Friday, September 2, 2016

Voyage of the Vikings Cruise - Cruise Day 6: Red Bay, Labrador

We had to be up early this morning to catch an early excursion so the alarm went off at 6:20 which seemed way too early.  We got dressed, had our usual quick breakfast in the Neptune Lounge and then headed to the showroom to wait to be called for our excursion.  Red Bay is a tender port so that always slows things down, but this morning things went quickly and we were off the ship, into the tender and onto the bus before 8:00 AM.

We cruise into Red Bay in the early morning.
Our excursion today was a coastal drive through Labrador that would end at the Quebec border.  The weather was cloudy, but there were patches of blue sky, although it was pretty cold, especially when the wind blew.  Our guide was a local woman who had lived here all her life and we gained a real feel for life in this remote area.  Labrador is 113,000 square miles in size, but only has a population of 29,000.  The population of Red Bay is only 600 and all of the towns we visited today had populations that number in the 10’s or 100’s.  As we have traveled north, the places we have visited are becoming more and more remote.  When the people in the area need to shop or visit the “big city”, they take the ferry to Corner Brook.

Pictures from the bus.

Our tour was quite interesting and we visited some scenic sites and some museums.  Most of the towns and villages rely on fishing to make a living, but there is a new hydro-electric project which has provided new jobs, but doesn’t seem to be very popular with the locals.  In one small town we stopped at, Val and I were walking around and met an older gentleman named Barney who told us he had lived in this town for all of his 78 years.  He had a thick accent and was pretty hard to understand, but we had a very interesting conversation with him and really enjoyed meeting him.  When Val asked him if he liked living here he said, "I belong here".  I don't think the thought of leaving had ever entered his mind.

Val and Barney
The bus took us all the way to the Quebec border where we posed for pictures in front of the welcoming sign.

This area is known as the Gateway to Labrador so we stopped at the visitor's center and explored the area for a little while.

The visitor's center is an old church.

This is an old vehicle that they used to drive people around in Banff and Jasper National Parks.

Lunch was included with our tour and we didn’t expect much as most meals on excursions are pretty ordinary, but today’s was excellent.  It was served at a local restaurant and had a real Labradorian flavor to it.
Not much to look at, but the food was excellent.

After lunch it was time to head back towards Red Bay where we would visit a whaling museum and a local history museum.  

Val got a picture of the Rotterdam anchored in the bay as we returned to Red Bay.

After visiting the whaling museum, Val and I decided to forgo the last museum and walk the rest of the way back to the dock and take some pictures of Red Bay.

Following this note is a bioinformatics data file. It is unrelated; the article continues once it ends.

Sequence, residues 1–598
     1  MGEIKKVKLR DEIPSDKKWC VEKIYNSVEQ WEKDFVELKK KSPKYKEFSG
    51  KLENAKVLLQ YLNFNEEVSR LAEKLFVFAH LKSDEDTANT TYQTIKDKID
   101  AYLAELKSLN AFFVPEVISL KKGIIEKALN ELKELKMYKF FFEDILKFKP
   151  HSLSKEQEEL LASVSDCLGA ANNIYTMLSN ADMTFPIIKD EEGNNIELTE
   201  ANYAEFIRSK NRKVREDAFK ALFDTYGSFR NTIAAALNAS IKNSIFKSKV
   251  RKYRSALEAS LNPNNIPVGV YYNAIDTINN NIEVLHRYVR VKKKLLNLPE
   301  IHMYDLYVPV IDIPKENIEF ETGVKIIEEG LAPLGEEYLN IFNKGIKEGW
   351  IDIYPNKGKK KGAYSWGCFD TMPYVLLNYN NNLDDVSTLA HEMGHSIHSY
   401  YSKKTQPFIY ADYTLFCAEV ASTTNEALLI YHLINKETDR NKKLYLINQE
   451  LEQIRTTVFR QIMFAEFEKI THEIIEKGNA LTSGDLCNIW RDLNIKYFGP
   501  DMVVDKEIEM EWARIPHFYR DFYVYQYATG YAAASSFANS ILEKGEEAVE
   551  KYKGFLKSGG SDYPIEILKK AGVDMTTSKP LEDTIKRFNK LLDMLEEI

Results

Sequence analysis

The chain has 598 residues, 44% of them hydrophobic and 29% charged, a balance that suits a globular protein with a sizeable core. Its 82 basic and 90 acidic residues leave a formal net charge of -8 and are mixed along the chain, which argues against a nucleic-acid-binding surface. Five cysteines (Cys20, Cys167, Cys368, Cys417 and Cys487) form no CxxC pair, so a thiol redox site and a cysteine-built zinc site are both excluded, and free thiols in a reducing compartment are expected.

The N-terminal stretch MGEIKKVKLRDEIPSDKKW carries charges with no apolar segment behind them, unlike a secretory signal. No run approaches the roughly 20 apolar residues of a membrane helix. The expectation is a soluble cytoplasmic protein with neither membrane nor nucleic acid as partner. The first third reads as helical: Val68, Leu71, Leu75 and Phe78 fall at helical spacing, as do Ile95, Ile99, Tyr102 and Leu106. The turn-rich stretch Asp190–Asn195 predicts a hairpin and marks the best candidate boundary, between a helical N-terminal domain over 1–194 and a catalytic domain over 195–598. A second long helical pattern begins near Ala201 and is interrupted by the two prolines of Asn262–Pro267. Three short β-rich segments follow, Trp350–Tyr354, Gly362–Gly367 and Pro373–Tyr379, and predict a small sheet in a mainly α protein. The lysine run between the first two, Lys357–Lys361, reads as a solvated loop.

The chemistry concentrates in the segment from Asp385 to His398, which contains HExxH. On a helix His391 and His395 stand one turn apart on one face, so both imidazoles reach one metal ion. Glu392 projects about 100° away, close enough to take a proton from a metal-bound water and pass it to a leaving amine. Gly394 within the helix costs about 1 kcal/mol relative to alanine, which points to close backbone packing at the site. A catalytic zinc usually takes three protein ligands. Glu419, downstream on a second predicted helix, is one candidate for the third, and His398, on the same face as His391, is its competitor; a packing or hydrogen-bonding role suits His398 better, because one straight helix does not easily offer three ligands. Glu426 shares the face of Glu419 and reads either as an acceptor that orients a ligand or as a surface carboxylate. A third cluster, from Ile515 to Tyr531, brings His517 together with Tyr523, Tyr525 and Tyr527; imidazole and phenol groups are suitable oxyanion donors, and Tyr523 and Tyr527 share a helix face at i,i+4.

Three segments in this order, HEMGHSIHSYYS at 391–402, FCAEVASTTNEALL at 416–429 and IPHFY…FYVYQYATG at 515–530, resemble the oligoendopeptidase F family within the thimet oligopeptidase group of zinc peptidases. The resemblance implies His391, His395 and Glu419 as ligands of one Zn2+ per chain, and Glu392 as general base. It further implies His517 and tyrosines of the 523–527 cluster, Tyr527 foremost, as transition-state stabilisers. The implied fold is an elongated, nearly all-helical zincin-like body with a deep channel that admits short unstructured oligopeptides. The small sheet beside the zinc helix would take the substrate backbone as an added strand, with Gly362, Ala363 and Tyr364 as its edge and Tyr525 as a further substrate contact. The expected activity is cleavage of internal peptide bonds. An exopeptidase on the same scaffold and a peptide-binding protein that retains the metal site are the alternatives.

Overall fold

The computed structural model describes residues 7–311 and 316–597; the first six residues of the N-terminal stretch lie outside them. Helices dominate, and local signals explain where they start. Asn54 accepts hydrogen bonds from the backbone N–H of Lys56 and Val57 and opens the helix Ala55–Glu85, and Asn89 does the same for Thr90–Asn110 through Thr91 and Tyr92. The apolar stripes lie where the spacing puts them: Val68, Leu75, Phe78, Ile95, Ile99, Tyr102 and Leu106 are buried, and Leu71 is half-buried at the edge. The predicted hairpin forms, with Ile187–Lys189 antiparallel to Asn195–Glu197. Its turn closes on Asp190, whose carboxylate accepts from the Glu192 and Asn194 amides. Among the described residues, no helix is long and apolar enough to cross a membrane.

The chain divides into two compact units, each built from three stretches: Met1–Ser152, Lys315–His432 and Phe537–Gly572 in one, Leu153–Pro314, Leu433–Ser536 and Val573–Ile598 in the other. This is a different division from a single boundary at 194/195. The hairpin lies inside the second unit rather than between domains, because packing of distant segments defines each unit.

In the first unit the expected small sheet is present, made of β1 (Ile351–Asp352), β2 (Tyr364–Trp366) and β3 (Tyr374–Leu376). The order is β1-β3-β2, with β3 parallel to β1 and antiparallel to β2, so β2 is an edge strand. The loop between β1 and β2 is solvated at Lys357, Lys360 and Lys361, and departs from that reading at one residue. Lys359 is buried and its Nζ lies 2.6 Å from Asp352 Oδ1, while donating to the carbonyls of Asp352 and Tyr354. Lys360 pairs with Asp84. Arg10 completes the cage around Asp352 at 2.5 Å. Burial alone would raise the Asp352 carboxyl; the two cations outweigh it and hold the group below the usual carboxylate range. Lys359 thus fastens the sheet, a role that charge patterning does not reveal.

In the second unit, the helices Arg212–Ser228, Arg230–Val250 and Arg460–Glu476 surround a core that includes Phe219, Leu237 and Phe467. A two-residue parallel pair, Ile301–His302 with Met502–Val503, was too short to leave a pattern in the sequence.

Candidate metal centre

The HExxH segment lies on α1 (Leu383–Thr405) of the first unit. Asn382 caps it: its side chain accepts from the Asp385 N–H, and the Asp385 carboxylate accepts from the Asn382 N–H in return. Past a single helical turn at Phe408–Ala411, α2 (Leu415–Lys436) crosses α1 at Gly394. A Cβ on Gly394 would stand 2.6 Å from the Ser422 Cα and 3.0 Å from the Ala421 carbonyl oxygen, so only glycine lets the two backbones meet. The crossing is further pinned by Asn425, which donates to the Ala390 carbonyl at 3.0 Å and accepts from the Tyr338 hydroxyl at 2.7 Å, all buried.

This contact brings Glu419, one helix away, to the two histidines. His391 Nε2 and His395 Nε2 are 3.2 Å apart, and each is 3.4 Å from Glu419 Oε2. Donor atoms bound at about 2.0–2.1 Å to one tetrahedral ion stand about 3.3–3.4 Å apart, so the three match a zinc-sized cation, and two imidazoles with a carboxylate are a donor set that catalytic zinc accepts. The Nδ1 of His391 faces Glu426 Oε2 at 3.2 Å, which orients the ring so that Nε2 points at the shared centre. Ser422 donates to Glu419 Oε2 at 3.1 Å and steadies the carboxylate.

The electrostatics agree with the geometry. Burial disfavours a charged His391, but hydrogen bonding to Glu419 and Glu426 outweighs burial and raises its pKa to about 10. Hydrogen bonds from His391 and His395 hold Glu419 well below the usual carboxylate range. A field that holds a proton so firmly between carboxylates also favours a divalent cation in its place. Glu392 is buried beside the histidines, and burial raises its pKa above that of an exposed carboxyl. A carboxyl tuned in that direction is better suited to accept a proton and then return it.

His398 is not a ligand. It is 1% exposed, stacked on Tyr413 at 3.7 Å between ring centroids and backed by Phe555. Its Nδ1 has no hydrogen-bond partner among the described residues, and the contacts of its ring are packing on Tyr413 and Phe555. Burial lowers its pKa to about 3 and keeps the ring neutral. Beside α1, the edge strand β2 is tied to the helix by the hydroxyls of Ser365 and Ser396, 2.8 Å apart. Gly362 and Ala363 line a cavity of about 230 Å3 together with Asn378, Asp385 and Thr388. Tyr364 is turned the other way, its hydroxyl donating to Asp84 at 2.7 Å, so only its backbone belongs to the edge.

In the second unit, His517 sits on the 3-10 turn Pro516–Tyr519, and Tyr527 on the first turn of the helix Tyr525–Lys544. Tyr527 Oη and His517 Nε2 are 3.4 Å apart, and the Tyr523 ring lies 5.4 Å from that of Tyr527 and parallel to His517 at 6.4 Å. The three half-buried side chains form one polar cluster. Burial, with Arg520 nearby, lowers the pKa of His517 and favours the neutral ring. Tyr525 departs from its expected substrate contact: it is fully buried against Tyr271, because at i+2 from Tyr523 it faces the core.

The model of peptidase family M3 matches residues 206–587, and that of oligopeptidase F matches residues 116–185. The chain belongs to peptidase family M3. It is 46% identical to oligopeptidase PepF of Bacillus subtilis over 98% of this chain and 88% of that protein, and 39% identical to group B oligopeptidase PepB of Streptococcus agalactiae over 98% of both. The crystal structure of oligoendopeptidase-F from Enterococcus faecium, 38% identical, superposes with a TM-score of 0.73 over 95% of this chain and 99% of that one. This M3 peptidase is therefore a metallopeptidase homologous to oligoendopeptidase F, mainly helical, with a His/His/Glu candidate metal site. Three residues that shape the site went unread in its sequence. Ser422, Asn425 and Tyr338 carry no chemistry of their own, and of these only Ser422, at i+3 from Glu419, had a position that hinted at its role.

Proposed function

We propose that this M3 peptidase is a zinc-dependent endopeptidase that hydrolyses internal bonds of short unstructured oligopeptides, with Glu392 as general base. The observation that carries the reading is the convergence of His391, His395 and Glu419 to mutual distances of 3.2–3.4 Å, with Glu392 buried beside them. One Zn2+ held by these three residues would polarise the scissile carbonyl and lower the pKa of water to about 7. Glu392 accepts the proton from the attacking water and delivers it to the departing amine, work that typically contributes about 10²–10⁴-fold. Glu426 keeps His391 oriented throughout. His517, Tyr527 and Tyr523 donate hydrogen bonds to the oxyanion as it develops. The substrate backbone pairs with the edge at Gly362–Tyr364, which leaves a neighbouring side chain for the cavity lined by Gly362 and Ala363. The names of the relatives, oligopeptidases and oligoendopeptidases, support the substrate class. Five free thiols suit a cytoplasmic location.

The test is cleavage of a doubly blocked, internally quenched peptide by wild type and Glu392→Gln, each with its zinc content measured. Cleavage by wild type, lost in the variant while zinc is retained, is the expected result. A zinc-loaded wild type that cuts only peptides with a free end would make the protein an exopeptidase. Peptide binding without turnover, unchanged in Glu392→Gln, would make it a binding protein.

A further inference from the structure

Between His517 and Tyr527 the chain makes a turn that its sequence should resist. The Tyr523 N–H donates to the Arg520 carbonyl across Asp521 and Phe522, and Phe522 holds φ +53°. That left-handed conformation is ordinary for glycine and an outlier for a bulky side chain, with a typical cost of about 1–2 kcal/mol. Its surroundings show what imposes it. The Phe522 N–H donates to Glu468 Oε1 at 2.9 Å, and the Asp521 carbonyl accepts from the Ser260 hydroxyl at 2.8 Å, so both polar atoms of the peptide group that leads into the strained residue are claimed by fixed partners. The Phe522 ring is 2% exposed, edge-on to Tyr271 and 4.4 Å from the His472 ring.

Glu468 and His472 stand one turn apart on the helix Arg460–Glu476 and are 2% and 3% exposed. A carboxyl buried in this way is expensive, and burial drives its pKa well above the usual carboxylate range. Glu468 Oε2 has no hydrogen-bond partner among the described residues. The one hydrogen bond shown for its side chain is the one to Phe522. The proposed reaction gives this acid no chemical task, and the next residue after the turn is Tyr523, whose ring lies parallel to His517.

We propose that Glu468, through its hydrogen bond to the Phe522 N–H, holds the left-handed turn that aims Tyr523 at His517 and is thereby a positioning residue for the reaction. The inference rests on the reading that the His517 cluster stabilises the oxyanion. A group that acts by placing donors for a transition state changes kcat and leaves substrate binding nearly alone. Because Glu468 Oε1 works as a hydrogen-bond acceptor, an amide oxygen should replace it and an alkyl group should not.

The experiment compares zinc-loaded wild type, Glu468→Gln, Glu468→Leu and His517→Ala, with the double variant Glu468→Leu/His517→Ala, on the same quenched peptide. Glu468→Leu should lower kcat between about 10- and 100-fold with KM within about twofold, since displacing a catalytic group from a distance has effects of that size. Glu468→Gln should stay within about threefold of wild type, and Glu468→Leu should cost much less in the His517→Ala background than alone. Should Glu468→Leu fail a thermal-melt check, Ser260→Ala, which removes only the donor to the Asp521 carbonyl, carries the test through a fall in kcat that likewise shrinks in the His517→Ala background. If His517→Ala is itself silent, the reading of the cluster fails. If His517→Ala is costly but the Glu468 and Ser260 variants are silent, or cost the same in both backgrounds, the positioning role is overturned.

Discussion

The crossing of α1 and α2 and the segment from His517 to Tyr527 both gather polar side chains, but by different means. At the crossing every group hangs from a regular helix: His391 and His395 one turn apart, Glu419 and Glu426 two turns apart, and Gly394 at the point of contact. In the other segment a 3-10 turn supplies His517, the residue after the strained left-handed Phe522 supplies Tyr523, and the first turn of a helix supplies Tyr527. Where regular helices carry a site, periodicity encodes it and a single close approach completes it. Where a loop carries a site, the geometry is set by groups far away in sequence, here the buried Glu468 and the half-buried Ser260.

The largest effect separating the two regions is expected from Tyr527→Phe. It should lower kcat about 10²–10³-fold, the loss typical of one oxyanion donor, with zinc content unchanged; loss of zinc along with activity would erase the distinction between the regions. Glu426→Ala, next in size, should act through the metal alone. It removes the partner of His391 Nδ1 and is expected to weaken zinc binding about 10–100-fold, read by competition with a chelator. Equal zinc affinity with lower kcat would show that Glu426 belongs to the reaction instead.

The town of Red Bay.

The ship was sailing at 3:00 so we caught the tender at 2:00 and headed back to the ship.  Today’s excursion turned out to be a good one.  It’s always a little frustrating being on a bus and seeing many places you’d like to stop go by, but that’s the nature of the limited time that is available on an excursion.

The Rotterdam from the tender as we returned to the ship.
The tender is just about to dock alongside the ship.
As the ship sailed away from Red Bay and towards Greenland we began to see icebergs off in the distance.  They weren’t huge, but they were definitely icebergs.  It was very scenic cruising until the fog set in and then there was no more view of icebergs or the shoreline; hopefully the ship’s radar does a good job of spotting icebergs.

We say goodbye to Red Bay as we sail away.
Our first iceberg sighting.
I spent the rest of the afternoon downloading our pictures.  We also went to the Neptune Lounge and got an afternoon snack which we didn’t need, but the temptation is hard to resist.  Later we regretted that snack as we didn’t really feel hungry so we decided to skip dinner in the dining room tonight and just get a snack in the Lido.  We did wander up to the Crow’s Nest for a couple of our favorite onboard drinks, an unleaded (non-alcoholic) margarita.  After our drinks we paid an early visit to the casino and then called it a night.  We were very tired from our early morning so we were both looking forward to sleeping in tomorrow as it is a sea day.

1 comment:

  1. "I belong here" Barney. First hand knowledge from a lifetime local is a true nugget all right. Really cool you made his acquaintance. The old building next to the water must have had quite a story to tell..if the walls could talk. Icebergs near Newfoundland must have reminded you of a cold night in 1912. Nice to have modern technologies to keep you safe.